Tyranny also thrives in such an environment because a man who will tailor his spirituality to his own specifications is interested primarily in comfortability and entertainment. Fiction is, as under postmodernism, more palpable than reality. Disneyland, Las Vegas, and Middle Earth are not just more palpable but potentially more real in people’s minds than Newark. People experience genuine depression because they would rather live on Pandora instead of earth. Neo-paganism is perfect for the video game generation because it is an experienced-based, pleasure-seeking worldview of affluence and personal peace. Marx was wrong: the opiate of the masses was not religion but television. The sensationalist drama of House of Cards will trump the ritual in a house of worship every time.
Christians who are understandably depressed at the spiritual state of affairs in our nation have no one to blame, unfortunately, but themselves. We too are developing a religion of comfort—not simply in our watering down of the Word but in our laid-back approach to the urgency and relevance of the Gospel. We are spiritually-religious neo-pagans ourselves, which a snippet history of American culture may reveal.
In the eighteenth century Enlightenment thinking beat back Christianity in the intellectual world by advocating a paradigm of science over faith. To some degree this was necessary, as a faith misunderstood is sometimes more deleterious than no faith at all. Thus, atheists like Thomas Paine gave rational arguments for the necessity of American liberty, leading the cause of freedom. Secularists like Thomas Jefferson with his miracle-free Bible and philosophers like Immanuel Kant and David Hume argued against supernaturalism. Yet even while these secular advances were taking place (some of them very essential), Christianity numerically retained the social structures of culture. Homes and families were “Christian” with a Christian worldview and ethic because the church still held an influential hold on cultural thinking. The state supported the idea of a Christian nation not because it was morally right but because its people were Christian.
Because we found comfort in numbers, we felt we did not need to engage the scientific discussions of the nineteenth century and so marginalized ourselves. Countless examples of our technological fears include pamphlets with supporting proof texts in Scripture for the steam engine, or reactions against the steam engine, made stereotypically famous in the statement, “If God had meant man to travel at 60mph, he would have given him wheels.” Because Christianity did not emphasize the intellectual component of its existence, the academy became more secularized. We succumbed in this battle—yet this battle may be the most important.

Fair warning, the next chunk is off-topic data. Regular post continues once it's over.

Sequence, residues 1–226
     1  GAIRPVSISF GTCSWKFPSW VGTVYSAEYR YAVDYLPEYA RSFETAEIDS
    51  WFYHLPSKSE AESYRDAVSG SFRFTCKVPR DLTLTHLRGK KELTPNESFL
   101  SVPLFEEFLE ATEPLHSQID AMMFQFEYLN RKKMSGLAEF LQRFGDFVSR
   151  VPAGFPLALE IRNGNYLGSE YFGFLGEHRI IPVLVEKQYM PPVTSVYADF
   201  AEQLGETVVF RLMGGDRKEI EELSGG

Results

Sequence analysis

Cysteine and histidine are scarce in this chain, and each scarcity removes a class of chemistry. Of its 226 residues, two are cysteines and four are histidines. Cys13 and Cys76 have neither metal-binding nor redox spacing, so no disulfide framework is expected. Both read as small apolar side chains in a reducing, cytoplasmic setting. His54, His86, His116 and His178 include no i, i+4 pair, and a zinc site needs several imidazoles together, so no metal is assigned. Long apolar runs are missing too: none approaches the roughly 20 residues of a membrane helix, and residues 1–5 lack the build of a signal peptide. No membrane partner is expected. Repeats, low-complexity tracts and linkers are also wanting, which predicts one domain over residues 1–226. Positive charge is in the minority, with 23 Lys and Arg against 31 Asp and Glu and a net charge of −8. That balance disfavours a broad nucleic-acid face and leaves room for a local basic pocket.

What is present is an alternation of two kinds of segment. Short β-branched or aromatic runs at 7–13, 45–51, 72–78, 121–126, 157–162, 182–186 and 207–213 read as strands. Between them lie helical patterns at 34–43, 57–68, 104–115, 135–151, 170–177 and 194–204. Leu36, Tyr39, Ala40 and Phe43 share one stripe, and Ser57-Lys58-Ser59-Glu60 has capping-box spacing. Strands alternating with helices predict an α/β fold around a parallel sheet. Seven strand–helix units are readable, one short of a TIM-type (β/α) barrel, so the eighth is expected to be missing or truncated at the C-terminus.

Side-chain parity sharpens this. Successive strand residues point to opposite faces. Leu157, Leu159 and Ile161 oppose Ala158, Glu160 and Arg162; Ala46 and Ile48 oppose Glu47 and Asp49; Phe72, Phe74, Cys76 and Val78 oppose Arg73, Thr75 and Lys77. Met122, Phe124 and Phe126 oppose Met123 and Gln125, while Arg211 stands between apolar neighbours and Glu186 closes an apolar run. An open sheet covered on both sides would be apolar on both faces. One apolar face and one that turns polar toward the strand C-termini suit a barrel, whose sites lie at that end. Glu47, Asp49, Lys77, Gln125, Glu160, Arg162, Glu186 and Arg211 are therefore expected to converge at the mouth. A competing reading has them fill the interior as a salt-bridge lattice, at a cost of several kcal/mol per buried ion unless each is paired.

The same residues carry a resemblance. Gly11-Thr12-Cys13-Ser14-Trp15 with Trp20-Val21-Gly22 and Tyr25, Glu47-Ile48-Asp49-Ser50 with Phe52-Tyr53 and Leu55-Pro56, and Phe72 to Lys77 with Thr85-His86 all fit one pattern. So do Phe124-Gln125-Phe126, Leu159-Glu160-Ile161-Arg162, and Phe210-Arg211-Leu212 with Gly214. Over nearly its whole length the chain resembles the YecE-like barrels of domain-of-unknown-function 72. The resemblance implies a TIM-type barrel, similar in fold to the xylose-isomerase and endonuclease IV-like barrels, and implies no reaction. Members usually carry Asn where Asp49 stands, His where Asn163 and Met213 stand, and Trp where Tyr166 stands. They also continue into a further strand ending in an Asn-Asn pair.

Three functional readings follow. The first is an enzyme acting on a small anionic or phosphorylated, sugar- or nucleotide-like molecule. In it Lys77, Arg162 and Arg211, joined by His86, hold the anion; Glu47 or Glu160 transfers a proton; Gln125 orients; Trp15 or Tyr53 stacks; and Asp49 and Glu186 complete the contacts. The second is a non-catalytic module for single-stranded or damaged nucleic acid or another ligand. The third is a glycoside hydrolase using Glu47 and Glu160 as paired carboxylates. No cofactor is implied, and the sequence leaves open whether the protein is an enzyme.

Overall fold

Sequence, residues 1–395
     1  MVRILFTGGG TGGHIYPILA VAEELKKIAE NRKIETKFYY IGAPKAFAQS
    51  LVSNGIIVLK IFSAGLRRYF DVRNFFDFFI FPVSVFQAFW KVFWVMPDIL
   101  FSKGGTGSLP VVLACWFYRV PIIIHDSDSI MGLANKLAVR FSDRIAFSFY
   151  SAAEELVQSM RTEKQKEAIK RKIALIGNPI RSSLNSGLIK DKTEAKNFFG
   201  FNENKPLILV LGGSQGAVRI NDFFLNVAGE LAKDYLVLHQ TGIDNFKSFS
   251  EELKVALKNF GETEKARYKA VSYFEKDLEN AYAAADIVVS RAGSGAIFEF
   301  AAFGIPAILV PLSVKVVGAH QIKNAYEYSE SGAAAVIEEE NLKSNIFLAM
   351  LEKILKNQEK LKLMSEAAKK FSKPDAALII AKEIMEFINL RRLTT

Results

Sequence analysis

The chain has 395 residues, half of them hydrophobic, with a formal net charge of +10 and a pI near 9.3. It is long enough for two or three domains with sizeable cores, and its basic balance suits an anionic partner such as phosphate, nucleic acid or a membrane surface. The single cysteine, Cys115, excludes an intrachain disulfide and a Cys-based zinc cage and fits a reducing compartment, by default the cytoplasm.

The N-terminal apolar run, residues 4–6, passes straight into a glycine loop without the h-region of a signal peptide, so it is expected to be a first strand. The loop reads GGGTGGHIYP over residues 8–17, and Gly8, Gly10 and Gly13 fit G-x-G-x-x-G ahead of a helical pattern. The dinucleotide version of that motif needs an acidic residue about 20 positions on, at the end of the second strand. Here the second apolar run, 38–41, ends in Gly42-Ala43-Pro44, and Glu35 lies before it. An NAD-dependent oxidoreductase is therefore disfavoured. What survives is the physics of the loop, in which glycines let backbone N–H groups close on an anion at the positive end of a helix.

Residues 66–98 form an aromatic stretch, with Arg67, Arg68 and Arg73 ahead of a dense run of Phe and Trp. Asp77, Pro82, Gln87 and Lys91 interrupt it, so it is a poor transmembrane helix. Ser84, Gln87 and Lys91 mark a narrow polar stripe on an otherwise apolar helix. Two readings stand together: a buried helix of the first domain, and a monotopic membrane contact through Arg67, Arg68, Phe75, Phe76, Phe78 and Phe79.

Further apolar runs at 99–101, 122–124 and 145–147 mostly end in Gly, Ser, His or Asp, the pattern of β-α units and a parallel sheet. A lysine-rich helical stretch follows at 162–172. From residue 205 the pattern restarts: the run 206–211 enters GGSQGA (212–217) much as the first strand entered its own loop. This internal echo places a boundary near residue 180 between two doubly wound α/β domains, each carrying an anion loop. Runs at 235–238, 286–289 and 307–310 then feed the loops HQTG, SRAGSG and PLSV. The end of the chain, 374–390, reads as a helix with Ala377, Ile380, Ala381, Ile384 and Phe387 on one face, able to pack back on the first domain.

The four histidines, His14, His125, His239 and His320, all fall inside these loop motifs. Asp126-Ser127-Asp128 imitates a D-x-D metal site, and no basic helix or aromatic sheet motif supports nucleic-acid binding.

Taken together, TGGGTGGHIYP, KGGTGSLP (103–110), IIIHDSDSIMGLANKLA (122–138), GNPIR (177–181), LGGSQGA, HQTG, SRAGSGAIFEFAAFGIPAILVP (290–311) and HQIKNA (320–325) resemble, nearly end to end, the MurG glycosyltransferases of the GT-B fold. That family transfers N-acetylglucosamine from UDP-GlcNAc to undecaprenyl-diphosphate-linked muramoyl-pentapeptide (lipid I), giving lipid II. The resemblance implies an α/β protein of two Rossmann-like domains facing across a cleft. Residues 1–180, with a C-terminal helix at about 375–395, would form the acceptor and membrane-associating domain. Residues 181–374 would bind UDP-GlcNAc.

Today, the secular academy has filtered down through pop culture in ways we have not been equipped to understand and combat. This increased exponentially with the advent of radio, television, and the internet. These technologies are not the cause of our marginalization; throughout most of the twentieth century, Christians chose not to employ these technologies as a direct expression of our faith because of our institutional reluctance toward change. Consequently, the worldviews that are disseminated through these technologies have gained a prominent foothold in our culture. The church has virtually no place in the cultural discussion, even if it does hold a claim on individual households. The state is no longer a support of Christianity because of the shift in demographic electoral politics. As an institution Christianity is pushed further and further to the periphery. We possess hope because postmodern idealists desire spirituality, but this is not enough. Simply because anti-intellectuals in popular culture agree with one of our claims does not mean we are having, or are going to have, success. All it means is that we agree with anti-intellectuals. What we need is to engage the intellectuals and cause them to recognize the reality of philosophical supernaturalism.
Yet because we now have come to acknowledge our obsolescence in the world, we have simultaneously developed a culture of despair. Too often Christians sit around and complain that we are losing. We should remember that faithful Christians are not guaranteed even in a Christian culture (see medieval Europe). We are always losing the culture wars. Yesterday, we were losing to intellectual modernists; today, we’re losing to anti-intellectual postmodernists. But it is we who have reduced ourselves from the equation; it is we who have removed ourselves from the intellectual discussion. Christianity, like neo-paganism, without effective action is demoralizing and meaningless. Despair will only be overcome when we take action. We will need to rearticulate the Christian worldview and live it on a daily basis. But the goal must be Christ for the world—not Christ merely for the culture. The culture will reform in time and more organically as long as the church keeps its focus on the message and intent of the cross.
How we do that is the subject of our next post. Until then, dear reader, keep the faith.